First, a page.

Once you have the car dancing on the limit everywhere and are beating much more modified cars with your humble standard machine ... then it is time to start the improvement came. Expect to go slower at first because modifications make the car harder to drive and less tolerant ... but ultimately faster once mastered.

Have fun.
Pete
 

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jeff,

your super already has hydraulic pedal. it has the same tranny as a 2 liter would. there you can leave the tranny that in it, in the car. all 5 speeds are the same ratios.

paul spruell in georgia has all the good racing bits you will need. if its a track only car, go with the KBR pressure (early 911 S type) plate and AP Racing clutches...I stock these

radiator...use the original one and have a couple rows added to it. we did that on mine and fabrizio's race cars and they don't run hot. also, throw some aluminum around the radiator to push air to the radiator.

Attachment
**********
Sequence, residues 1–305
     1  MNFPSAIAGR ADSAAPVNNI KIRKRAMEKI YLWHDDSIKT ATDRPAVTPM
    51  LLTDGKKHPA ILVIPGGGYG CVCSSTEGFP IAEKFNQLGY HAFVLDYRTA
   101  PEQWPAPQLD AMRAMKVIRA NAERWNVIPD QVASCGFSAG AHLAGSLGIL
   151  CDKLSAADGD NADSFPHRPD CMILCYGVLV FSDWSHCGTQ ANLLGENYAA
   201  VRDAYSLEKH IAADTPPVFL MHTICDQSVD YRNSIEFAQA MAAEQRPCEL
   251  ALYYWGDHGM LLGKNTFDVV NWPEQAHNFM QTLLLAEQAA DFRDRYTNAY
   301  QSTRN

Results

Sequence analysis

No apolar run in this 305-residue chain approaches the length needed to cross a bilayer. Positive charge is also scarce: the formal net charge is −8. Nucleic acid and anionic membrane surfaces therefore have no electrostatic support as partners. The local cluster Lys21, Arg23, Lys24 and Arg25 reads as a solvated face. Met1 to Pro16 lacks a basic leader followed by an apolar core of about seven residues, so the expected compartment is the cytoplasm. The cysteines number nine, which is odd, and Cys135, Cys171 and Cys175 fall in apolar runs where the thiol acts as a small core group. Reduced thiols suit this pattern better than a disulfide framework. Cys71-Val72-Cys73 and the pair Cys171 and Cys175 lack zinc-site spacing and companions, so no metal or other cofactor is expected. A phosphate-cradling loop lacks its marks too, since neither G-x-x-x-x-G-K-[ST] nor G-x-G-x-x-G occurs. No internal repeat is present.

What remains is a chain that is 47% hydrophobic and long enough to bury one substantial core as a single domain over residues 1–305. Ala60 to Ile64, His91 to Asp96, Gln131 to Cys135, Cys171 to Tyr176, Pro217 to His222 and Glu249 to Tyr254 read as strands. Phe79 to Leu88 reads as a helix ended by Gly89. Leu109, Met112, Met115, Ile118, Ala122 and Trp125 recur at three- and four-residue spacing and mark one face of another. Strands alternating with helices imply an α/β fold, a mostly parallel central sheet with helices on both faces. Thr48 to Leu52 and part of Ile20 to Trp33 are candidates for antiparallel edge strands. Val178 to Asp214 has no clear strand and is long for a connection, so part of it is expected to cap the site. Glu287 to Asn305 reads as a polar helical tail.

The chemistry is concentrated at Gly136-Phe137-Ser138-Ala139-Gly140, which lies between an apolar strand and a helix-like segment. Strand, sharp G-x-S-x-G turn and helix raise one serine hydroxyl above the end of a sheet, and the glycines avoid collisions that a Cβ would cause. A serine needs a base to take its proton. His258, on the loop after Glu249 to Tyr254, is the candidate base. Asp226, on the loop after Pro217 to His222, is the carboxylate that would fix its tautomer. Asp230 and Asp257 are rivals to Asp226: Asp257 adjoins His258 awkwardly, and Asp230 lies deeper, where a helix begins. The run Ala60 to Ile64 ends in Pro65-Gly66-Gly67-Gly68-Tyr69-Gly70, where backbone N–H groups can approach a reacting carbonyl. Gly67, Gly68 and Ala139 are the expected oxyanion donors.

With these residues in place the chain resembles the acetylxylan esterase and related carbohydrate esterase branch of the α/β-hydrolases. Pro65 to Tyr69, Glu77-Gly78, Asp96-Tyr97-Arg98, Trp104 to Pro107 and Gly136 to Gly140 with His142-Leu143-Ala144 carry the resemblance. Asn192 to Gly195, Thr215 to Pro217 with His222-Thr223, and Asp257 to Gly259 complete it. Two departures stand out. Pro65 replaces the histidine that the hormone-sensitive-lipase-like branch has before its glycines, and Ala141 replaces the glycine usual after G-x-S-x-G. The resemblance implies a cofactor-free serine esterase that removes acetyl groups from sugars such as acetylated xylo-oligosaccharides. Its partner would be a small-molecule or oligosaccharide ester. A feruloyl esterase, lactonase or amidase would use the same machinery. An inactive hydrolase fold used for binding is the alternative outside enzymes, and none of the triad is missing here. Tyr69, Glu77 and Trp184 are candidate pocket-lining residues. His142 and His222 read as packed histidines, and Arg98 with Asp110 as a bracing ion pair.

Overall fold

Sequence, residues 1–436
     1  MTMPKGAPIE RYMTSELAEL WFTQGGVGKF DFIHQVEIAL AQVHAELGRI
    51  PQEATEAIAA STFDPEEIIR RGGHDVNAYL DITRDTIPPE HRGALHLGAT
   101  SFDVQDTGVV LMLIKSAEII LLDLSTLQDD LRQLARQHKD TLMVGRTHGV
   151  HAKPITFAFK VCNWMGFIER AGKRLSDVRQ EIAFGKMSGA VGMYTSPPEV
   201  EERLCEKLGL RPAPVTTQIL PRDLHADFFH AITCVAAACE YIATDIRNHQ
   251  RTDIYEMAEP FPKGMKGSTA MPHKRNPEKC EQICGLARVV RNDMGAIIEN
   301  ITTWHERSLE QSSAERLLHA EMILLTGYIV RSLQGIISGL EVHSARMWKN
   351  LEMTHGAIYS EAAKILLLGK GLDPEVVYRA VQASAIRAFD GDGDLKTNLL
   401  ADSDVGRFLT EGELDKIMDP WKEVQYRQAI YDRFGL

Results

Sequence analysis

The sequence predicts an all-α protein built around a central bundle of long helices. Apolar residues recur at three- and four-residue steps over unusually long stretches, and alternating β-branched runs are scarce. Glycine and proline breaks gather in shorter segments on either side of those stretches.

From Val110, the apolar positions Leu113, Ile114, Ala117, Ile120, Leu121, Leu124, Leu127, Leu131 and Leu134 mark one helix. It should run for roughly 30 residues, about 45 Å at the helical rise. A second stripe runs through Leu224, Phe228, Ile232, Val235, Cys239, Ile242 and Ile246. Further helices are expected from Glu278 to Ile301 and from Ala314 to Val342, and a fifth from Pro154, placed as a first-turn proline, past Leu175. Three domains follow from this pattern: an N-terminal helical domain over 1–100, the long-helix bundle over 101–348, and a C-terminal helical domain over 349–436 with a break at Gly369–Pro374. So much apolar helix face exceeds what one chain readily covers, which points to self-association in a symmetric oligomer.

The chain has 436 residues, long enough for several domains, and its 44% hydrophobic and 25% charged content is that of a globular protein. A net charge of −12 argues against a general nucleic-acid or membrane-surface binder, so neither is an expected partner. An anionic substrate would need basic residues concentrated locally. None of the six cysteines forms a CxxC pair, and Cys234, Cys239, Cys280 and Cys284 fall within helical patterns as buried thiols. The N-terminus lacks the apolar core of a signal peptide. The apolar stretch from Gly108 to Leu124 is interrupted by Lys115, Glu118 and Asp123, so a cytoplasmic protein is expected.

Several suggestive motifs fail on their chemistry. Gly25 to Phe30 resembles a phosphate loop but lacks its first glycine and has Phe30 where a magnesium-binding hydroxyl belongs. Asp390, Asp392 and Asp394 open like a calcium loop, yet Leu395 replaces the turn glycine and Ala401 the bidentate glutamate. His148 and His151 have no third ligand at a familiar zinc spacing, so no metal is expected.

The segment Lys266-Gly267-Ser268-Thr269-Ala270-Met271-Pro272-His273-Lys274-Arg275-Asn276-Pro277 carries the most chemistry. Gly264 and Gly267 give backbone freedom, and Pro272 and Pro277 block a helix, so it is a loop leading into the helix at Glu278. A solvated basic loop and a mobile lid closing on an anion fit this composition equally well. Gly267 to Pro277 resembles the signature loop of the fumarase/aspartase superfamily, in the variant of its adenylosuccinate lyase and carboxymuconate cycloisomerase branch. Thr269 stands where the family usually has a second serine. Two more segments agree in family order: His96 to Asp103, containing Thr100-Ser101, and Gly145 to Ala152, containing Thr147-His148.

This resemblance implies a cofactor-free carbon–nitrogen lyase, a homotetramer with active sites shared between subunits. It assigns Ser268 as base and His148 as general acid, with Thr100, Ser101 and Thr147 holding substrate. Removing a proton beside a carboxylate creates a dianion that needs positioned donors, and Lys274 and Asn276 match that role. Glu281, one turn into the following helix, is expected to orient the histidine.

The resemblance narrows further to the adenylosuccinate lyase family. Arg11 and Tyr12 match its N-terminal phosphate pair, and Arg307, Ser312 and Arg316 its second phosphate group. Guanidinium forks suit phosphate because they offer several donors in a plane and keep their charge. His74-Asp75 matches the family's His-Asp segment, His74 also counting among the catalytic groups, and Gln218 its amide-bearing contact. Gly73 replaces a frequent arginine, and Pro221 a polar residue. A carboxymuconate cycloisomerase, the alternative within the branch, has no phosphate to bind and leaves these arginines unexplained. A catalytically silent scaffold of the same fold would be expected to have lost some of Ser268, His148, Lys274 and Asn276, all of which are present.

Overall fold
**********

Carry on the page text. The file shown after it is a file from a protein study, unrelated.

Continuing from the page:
fuel cell, go with fuel safe (bend, oregon) they have many cells that work. make sure it has a metal or aluminum box around the plastic bladder if you want to vintage race it, it's required. fuel pump, i use the good ol bendex electric pump.

brakes... vw bus brakes up front with hawk blue pads and porterfields in the rear. the big calipers use the same pads. the brake pad set up i mentioned works best, got rid of all my brake fade.

fabrizio and i still run the florr pedals. one day we will move to the tilton set up. you have your own master cyl for front and rear brakes with it and it makes heel toe a lot easier.

sparco makes a roll cage for the car. its the one fabrizio and the chris kattchee have. its a full 6 point cage and they added bars to it; door, rear cross, and a couple additional ones. it's a great cage.

lemme know if you need to know anything else.
 

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****, Anthony, you've just cookbooked a hell of a recipe for a successful 2.5 Challenge car, great response!